There was some confusion this week when lawyer Jeremy Creelan released a letter praising Morelle's commitment to reform and recommending him for the Comptroller position. Creelan previously worked as a Deputy Director of the Brennan Center's Democracy Program, but he is now an associate at Jenner & Block and, we stress, a private citizen. In his letter, he was in no way speaking for the Brennan Center.

Read our official statement on the issue.

After initially posting otherwise, the New York Observer's Politicker now correctly writes: "Creelan was in private practice by the time he sent his letter in support of Morelle. The Brennan Center does not support any candidates."

Categories: General

A Democratic, Efficient and Equitable System

The Albany Project has a great graph showing the discrepancy in member item allocations for Republican and Democratic members. Brace yourself -- it's huge.

Categories: General

Tuesday, January 09, 2007

Times Union responds to Bruno on redistricting

Yesterday’s editorial in the Albany Times-Union on redistricting and campaign finance was another impassioned and well-reasoned statement about the need for reform in New York government. The editorial points out that electoral competition is inhibited by the state's current laws, which do little to limit the amount of money in politics and allow legislators (through a commission that does their bidding) to draw their own district lines. New York has had its fair share of problems stemming from foxes guarding the proverbial henhouse, and some, the Brennan Center included, believe that more should be done to wrest control of linedrawing from those who stand to benefit the most from it. Further, we agree the ball needs to start rolling on this now, well before the 2010 and subsequent redistricting. If not, politicians will continue to drag their feet, stalling until they can make the argument that there is not enough time to successfully implement an independent commission.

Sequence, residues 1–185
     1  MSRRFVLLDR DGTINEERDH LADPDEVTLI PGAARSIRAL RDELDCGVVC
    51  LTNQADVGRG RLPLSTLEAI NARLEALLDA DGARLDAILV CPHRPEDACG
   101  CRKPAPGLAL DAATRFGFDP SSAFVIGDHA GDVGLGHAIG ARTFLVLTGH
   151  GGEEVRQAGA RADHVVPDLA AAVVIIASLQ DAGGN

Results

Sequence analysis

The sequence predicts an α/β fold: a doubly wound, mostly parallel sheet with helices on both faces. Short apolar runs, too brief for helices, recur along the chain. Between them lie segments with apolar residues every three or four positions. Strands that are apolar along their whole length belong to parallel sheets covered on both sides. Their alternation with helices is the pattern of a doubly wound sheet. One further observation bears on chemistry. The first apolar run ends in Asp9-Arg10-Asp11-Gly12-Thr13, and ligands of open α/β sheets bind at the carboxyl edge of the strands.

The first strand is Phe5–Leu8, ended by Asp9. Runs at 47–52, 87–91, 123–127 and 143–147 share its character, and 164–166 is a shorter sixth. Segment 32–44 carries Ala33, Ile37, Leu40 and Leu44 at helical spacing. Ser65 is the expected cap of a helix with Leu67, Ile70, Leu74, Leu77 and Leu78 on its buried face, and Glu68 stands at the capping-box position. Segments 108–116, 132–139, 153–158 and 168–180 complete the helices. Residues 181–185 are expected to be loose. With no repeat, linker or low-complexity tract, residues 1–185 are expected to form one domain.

To blame redistricting and campaign finance for the dysfunctional legislature's problems, is, of course, not the whole story. Indeed, New York seem to like their incumbents despite stagnation and gridlock, reelecting these legislators by large margins (Joseph Bruno was not even opposed in the 2006 general election) in districts that are highly competitive in other races (presidential, gubernatorial, etc.). It is unclear whether Spitzer’s victory will signal new voting patterns, but it certainly pointed to a mandate for reform, which he has placed at the top of his agenda. Campaign finance reform, in particular, is crucial to leveling the playing field for quality challengers, which is, in turn, an important piece of maintaining a responsive and accountable government. And redistricting reform can ensure that those challengers aren’t suddenly drawn out of the districts where they have built support. In 2006, 52 candidates in the state legislature were unchallenged. The voters deserve a better choice.

In short, we give high praise to the Times-Union calling Majority Leader Bruno to action. Additionally, we recognize that the focus of the Governor’s agenda is to make our state legislature an institution responsive to all New Yorkers, and that deserves even more applause.

Categories: General, Redistricting

Monday, January 08, 2007

Promoted from watchdogs to lions?

In this morning’s Ithaca Journal, Jay Gallagher uses a metaphor right off the pages of National Geographic to describe the current mood in Albany: